10. Muriel Niederle & Lise Vesterlund, 2005. "Do Women Shy Away From Competition? Do Men Compete Too Much?," NBER Working Papers 11474, National Bureau of Economic Research, Inc.
  11. Dufwenberg, Martin & Muren, Astri, 2006. "Gender composition in teams," Journal of Economic Behavior & Organization, Elsevier, vol. 61(1), pages 50-54, September.
  12. Uri Gneezy & Muriel Niederle & Aldo Rustichini, 2003. "Performance In Competitive Environments: Gender Differences," The Quarterly Journal of Economics, MIT Press, vol. 118(3), pages 1049-1074, August.
  13. Andreoni, James & Vesterlund, Lise, 2001. "Which is the Fair Sex? Gender Differences in Altruism," Staff General Research Papers 1951, Iowa State University, Department of Economics.
  14. James C. Cox & Cary A. Deck, 2006. "When are Women More Generous than Men?," Experimental Economics Center Working Paper Series 2006-07, Experimental Economics Center, Andrew Young School of Policy Studies, Georgia State University.
  15. Buchan, Nancy R. & Croson, Rachel T.A. & Solnick, Sara, 2008. "Trust and gender: An examination of behavior and beliefs in the Investment Game," Journal of Economic Behavior & Organization, Elsevier, vol. 68(3-4), pages 466-476, December.
  16. James Konow, 2003. "Which Is the Fairest One of All? A Positive Analysis of Justice Theories," Journal of Economic Literature, American Economic Association, vol. 41(4), pages 1188-1239, December.
  17. James Konow, 2000. "Fair Shares: Accountability and Cognitive Dissonance in Allocation Decisions," American Economic Review, American Economic Association, vol. 90(4), pages 1072-1091, September.
  18. Rachel Croson & Uri Gneezy, 2009. "Gender Differences in Preferences," Journal of Economic Literature, American Economic Association, vol. 47(2), pages 448-74, June.
  19. Norman Frohlich & Joe Oppenheimer & Anja Kurki, 2004. "Modeling Other-Regarding Preferences and an Experimental Test," Public Choice, Springer, vol. 119(1_2), pages 91-117, 04.
  20. Bolton, Gary E. & Katok, Elena, 1995. "An experimental test for gender differences in beneficent behavior," Economics Letters, Elsevier, vol. 48(3-4), pages 287-292, June.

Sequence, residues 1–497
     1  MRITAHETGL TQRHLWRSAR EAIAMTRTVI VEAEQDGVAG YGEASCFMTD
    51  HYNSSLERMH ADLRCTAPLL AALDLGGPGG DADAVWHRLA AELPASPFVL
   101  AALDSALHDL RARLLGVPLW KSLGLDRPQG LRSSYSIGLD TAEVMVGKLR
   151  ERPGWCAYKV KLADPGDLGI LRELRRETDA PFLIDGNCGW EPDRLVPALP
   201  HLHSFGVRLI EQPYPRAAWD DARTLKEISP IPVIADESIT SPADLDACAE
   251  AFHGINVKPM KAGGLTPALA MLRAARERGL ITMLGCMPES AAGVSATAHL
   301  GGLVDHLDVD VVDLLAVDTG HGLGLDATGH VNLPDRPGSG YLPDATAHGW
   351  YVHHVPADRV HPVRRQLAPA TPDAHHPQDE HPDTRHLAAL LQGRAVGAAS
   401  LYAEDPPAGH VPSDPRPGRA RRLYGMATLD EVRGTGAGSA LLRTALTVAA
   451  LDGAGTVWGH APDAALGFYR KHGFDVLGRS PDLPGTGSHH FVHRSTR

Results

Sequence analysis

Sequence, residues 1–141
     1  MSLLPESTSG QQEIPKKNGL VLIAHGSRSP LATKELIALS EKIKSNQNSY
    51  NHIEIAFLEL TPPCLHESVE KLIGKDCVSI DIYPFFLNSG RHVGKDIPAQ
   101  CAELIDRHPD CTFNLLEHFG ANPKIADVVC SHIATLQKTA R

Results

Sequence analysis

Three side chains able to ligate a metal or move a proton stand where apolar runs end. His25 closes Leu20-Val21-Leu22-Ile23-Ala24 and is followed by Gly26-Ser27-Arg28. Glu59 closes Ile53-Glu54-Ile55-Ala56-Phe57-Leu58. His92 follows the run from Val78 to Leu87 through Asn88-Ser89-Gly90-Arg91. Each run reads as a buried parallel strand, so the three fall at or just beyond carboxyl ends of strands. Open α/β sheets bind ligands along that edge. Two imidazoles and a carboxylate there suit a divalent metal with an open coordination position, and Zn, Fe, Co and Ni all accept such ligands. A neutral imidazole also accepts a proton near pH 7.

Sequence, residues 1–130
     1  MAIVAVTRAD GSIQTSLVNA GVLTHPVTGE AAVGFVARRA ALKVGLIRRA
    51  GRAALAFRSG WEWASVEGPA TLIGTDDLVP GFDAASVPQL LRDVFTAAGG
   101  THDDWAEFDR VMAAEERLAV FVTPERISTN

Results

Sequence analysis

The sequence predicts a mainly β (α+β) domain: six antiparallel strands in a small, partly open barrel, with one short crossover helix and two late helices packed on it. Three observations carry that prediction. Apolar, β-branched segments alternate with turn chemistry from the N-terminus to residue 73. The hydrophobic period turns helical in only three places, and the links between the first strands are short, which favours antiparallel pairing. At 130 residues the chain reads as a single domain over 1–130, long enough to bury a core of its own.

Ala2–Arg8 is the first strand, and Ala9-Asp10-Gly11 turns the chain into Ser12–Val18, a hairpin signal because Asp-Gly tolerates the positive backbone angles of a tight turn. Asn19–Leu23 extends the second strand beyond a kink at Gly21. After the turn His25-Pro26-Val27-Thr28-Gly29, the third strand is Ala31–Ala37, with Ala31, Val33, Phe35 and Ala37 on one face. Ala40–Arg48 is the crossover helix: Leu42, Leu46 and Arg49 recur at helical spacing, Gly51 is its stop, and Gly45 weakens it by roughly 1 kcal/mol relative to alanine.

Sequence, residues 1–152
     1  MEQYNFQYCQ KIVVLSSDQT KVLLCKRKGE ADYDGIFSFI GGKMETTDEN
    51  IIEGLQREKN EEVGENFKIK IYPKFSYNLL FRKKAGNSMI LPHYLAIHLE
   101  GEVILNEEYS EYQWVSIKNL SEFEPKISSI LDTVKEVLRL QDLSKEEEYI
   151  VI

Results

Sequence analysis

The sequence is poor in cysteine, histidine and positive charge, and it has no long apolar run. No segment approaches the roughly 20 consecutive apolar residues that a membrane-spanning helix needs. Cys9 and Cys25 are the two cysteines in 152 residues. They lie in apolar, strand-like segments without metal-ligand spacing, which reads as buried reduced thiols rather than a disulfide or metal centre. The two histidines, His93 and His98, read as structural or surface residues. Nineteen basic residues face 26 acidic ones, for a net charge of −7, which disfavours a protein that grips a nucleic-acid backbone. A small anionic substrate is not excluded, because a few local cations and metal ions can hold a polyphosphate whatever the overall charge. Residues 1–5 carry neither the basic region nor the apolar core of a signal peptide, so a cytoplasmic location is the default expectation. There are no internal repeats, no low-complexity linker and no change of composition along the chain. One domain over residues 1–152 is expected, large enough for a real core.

Full references (including those not matched with items on IDEAS)

This item is not listed on Wikipedia, on a reading list or among the top items on IDEAS.

When requesting a correction, please mention this item's handle: RePEc:cex:dpaper:2010004. See general information about how to correct material in RePEc.

For technical questions regarding this item, or to correct its authors, title, abstract, bibliographic or download information, contact: (Wojtek Przepiorka)

If you have authored this item and are not yet registered with RePEc, we encourage you to do it here. This allows to link your profile to this item. It also allows you to accept potential citations to this item that we are uncertain about.

If references are entirely missing, you can add them using this form.

If the full references list an item that is present in RePEc, but the system did not link to it, you can help with this form.

If you know of missing items citing this one, you can help us creating those links by adding the relevant references in the same way as above, for each refering item. If you are a registered author of this item, you may also want to check the "citations" tab in your profile, as there may be some citations waiting for confirmation.

Please note that corrections may take a couple of weeks to filter through the various RePEc services.

This information is provided to you by IDEAS at the Research Division of the Federal Reserve Bank of St. Louis using RePEc data.